Speaking of HealthWhy it's important to support kids who identify as LGBTQ and may be strugglingJune 24, 2022
Speaking of HealthLGBTQ+ health: Easing fears of seeking careJune 23, 2022
Featured TopicCOVID-19 vaccines for infants, toddlersJune 22, 2022
Kelsie Kuyath turns daughter’s experience with shaken baby syndrome into a mission to help others.
Kelsie Kuyath was at work when she received a phone call that would change her life. Her then-husband was on the line, telling her that their youngest daughter, 4-month old Kyra, was having a seizure. Kuyath, a patient access liaison in the Emergency Department at Mayo Clinic Health System in Red Wing, Minn., told him to bring Kyra in for evaluation.
“He brought her in her car seat,” remembers Kuyath. “She was limp and was hardly breathing.”
Kuyath’s colleagues evaluated Kyra and quickly determined she would need advanced care. They summoned a Mayo One helicopter, which transported Kyra to Mayo Clinic in Rochester, Minn. Doctors there diagnosed her with non-accidental head trauma, or shaken baby syndrome. Two days later, Kuyath’s then-husband admitted to police that he had become frustrated by Kyra’s crying and had shaken her. Kuyath was devastated.
“We were high school sweethearts and had been together eight-and-a-half years,” says Kuyath. “He was never violent. He was a loving father.”
On the fourth day of her hospitalization, Kyra had surgery to relieve pressure in her brain. After eight days, she was able to leave the hospital. Though relieved that Kyra was able to come home, Kuyath says she also felt overwhelmed. “I had an infant with a traumatic brain injury and didn’t know what the outcome would be,” she says. “I wondered if she would ever walk or talk. I also had a two-and-a-half-year-old and a husband in jail. I felt so alone. My family was wonderful, but they didn’t understand all of what I was going through. I didn’t know who to turn to.”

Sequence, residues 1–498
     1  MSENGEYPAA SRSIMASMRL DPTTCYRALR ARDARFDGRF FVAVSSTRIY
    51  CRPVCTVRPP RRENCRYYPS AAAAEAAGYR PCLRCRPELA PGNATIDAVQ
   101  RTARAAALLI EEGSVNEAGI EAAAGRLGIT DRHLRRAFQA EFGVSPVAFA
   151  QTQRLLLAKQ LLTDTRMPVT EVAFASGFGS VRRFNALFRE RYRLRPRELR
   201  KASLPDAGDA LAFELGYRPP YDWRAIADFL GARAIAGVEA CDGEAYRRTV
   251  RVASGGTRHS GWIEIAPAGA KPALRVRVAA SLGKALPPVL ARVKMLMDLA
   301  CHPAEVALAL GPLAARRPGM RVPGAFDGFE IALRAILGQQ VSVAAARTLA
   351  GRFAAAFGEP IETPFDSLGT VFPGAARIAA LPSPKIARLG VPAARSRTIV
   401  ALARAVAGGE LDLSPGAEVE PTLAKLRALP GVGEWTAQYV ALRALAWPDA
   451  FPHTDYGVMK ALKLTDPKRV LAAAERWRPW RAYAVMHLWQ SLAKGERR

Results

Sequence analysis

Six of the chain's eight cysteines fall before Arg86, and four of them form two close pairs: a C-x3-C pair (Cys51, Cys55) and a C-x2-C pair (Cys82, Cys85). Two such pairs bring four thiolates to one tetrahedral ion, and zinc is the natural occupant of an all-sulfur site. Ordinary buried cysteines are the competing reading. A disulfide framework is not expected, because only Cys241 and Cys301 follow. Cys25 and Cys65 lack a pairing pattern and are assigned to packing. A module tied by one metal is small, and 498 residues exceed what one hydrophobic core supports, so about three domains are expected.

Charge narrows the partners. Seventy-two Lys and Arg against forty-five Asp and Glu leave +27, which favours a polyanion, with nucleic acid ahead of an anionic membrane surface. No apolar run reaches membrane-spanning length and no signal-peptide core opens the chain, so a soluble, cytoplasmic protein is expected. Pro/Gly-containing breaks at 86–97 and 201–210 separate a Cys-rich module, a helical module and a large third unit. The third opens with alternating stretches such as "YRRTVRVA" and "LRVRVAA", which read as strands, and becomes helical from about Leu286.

Six months after Kyra’s injury, Kuyath started a Facebook group to connect with other families affected by shaken baby syndrome. That group eventually became a nonprofit organization, One Shake Is All It Takes, dedicated to eliminating shaken baby syndrome through awareness and education.
Through her work with the foundation, Kuyath meets with families affected by shaken baby syndrome to share her story. Part of that story is the impact it has on families. “Child abuse injures a child, but it also hurts entire families,” she says. “My husband and I got a divorce. He was sentenced to 57 months in jail and eventually had his parental rights terminated. There are financial challenges.”
Kuyath also speaks to groups, including the postnatal classes at Mayo Clinic Health System in Red Wing, about how to prevent shaken baby syndrome.
“People need to have a crying plan,” she says. “That plan should include a list of people to call for help if you’re feeling overwhelmed.”
Today, after years of physical and occupational therapy, Kyra is doing well. She still takes anti-seizure medication, and is monitored by a neurologist at Mayo Clinic, but is developing on track. Kuyath credits the care teams in Red Wing and Rochester for her daughter’s recovery.
“Kyra’s care has been amazing,” she says. “Everyone has been incredibly kind. And the people who took care of her right after her injury acted so quickly. If they hadn’t, things could have been so much worse.”